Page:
Florida Bill Expanding Wrongful Death Act to Unborn Children Sparks Abortion Debate

Florida Bill Expanding Wrongful Death Act to Unborn Children Sparks Abortion Debate

A bill expanding the Wrongful Death Act to unborn children resulted in criticisms of vague language and restrictions on abortion providers

Liv Caputo
Liv Caputo
February 5, 2024

TALLAHASSEE, FL—A new Republican-led bill would expand Florida's Wrongful Death Act to include unborn children. Passing down party lines, Democrats raised concerns of vague language and potential negative implications for abortion providers.

"This bill expands Florida's wrongful death act to allow parents of an unborn child to recover civil damages for such unborn child's death in the same way that other survivors may generally recover under the act," SB 476's sponsor, Republican Sen. Erin Grall, said in Monday's Senate Committee on Judiciary.

Sen. Grall, who proposed Florida's six-week abortion ban last year, explained that parents who have experienced a wrongful death of their unborn child have traditionally been "barred" from receiving any civil liability recovery. The most common causes are attributed to car accidents or medical negligence, in which a child in utero has been either intentionally or negligently killed by another person.

While the bill could not be applied to miscarriages, critics worried that it could be used to either sue or restrict abortion providers.

"You're going to accidentally hurt the people you're trying to help," Tsi Day Smyth from the activist group Women's Voices of Southwest Florida said in public testimony. "The problem is that the bill doesn't really make it clear as to what qualifies as an unborn child. I worry that this bill—the way it's currently written—would have a negative effect on abortion providers...you're going to restrict or scare abortion providers and there are going to be people that die,"

Senate Minority Leader Lauren Book questioned if a father could sue a doctor for performing an abortion outside of Florida's current 15-week allowance period, to which the sponsor replied: "He may,"

"The father has a right as a survivor for the intentional or negligent death of the child. If that was intentional or negligent on behalf of the provider there is a potential that the father would have a cause of action against the provider," Grall continued. She explained that there are limitations on what constitutes a "survivor" in statute, as the father of a child out of wedlock—who does not provide significant care for the child—would not be able to sue for wrongful death.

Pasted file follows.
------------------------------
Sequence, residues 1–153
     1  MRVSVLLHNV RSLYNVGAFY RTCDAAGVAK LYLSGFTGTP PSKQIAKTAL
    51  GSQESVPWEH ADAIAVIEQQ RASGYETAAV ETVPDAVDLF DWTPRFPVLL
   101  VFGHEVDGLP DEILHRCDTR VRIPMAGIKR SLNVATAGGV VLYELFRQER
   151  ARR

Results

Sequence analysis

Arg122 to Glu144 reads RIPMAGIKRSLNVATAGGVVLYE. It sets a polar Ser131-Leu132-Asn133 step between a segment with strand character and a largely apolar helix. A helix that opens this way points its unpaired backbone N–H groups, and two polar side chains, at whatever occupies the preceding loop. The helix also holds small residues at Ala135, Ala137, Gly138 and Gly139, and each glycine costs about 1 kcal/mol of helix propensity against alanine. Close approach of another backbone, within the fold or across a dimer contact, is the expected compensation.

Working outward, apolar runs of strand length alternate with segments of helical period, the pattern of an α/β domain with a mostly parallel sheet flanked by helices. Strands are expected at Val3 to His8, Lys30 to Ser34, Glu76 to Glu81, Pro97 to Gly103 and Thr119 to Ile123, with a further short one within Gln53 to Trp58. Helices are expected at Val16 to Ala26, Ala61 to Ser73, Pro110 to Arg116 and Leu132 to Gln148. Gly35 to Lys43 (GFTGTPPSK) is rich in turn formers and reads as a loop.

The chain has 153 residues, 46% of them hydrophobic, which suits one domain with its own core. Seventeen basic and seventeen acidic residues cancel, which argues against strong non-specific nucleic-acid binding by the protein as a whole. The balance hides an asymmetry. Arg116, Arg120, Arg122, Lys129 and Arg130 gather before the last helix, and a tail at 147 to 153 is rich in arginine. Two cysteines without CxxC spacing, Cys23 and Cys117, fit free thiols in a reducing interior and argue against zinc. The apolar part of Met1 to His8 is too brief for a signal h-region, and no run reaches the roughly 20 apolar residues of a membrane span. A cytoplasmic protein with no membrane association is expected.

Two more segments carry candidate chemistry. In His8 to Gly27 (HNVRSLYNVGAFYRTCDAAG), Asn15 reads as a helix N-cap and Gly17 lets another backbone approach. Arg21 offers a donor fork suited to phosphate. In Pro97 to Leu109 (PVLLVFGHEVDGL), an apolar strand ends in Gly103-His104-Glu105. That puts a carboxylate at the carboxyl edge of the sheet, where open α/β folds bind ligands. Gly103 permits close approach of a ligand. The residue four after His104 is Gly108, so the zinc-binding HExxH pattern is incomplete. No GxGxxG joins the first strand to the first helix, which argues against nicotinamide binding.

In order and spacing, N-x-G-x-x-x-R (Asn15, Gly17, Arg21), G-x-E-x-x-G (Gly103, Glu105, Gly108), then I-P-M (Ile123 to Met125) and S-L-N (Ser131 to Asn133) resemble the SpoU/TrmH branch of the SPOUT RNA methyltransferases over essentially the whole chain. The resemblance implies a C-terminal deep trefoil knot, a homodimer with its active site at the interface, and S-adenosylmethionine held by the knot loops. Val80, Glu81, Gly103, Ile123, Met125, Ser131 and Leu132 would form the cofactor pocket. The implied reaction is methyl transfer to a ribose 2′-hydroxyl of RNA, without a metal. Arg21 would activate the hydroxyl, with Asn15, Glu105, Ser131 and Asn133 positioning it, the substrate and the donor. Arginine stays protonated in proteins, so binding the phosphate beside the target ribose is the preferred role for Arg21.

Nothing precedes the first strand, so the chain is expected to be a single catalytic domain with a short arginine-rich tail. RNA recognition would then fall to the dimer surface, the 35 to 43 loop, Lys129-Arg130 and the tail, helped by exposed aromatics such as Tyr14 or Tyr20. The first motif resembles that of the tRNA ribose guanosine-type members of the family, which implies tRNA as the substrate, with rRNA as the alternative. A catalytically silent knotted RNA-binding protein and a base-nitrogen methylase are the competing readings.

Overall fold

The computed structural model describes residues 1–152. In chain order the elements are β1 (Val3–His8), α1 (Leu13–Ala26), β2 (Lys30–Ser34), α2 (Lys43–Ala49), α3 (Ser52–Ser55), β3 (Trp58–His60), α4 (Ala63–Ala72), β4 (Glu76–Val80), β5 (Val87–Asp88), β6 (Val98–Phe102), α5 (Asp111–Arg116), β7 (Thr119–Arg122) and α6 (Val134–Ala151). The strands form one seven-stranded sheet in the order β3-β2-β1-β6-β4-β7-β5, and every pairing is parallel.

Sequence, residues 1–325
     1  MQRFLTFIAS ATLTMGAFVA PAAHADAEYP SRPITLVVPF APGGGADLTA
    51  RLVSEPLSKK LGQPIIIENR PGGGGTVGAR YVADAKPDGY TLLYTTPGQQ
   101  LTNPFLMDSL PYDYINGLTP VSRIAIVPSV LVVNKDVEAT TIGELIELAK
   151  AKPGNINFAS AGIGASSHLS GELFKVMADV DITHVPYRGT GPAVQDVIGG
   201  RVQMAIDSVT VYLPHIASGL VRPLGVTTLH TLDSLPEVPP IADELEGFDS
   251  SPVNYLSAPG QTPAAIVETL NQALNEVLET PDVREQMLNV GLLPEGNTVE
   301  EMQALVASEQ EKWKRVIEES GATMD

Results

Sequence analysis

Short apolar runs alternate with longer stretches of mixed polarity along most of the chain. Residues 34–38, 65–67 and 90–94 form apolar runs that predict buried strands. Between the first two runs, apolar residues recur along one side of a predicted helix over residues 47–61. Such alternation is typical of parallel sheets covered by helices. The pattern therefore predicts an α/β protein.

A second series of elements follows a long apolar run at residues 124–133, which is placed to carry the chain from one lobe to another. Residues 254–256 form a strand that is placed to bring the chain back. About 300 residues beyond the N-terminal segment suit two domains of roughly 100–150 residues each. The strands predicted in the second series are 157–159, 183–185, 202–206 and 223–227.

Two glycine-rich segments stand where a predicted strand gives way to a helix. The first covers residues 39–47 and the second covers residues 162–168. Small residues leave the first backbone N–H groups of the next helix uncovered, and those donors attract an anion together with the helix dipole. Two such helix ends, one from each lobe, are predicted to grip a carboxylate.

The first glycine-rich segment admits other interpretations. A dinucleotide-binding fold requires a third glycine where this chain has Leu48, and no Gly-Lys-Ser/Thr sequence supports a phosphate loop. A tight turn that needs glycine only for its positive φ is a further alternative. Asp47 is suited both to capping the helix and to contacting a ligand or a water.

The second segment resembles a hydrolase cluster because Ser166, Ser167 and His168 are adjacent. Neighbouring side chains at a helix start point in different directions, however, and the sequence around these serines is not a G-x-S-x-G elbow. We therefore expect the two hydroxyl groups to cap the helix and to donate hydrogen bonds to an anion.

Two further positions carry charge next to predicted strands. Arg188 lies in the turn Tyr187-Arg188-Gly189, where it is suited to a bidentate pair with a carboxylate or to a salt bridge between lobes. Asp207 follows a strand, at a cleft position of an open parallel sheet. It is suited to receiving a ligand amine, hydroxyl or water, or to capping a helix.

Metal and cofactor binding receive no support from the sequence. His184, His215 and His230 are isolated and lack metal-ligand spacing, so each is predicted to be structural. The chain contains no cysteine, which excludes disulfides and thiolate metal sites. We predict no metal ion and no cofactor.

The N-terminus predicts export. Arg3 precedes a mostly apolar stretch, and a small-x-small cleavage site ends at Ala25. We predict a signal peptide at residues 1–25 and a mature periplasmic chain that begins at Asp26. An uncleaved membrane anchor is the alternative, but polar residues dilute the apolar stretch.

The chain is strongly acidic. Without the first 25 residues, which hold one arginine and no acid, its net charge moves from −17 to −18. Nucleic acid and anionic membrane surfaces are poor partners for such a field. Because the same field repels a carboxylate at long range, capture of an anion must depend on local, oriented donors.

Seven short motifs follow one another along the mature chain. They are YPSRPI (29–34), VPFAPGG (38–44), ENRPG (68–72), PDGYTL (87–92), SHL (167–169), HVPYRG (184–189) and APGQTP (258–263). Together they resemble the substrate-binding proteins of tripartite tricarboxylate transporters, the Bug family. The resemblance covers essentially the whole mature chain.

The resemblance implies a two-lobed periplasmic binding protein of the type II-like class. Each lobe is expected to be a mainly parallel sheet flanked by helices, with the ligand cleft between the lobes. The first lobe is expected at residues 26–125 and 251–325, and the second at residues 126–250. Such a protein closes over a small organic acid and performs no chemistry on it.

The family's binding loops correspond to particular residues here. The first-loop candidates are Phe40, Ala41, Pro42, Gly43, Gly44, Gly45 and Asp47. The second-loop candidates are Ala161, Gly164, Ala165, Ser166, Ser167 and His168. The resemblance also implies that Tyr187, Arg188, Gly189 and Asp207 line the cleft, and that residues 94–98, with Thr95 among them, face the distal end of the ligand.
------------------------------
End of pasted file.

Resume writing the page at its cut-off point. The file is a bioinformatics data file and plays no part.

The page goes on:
"I think the concept is something we can all support," Sen. Book said in debate. "I think its very scary for folks living in a post-Dobbs world, in a place where we're constantly chipping away at our rights to choose, that this is a piece of legislation that we're considering at this point,"

In her close, Grall stated that her bill had nothing to do with abortion, and everything to do with parents.

"I can't imagine what the loss of a child would be like," Grall said in her close on the bill. "But to think that our laws would differentiate between a child who is due today, versus one who is still in utero and due in 2 weeks, and that we would place a different value and we would look at that life differently...Just doesn't make sense,"

"I'm sorry that this has taken the route of an abortion discussion...there's nothing in this bill [about that]," She added. "This is really about parents,"



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Liv Caputo

Liv Caputo

Livia Caputo is a senior at Florida State University, working on a major in Criminology, and a triple minor in Psychology, Communications, and German. She has been working on a journalism career for the past year, and hopes to become a successful reporter after graduation. Her work has been cited in Fox News, the New York Post, and the Daily Mail

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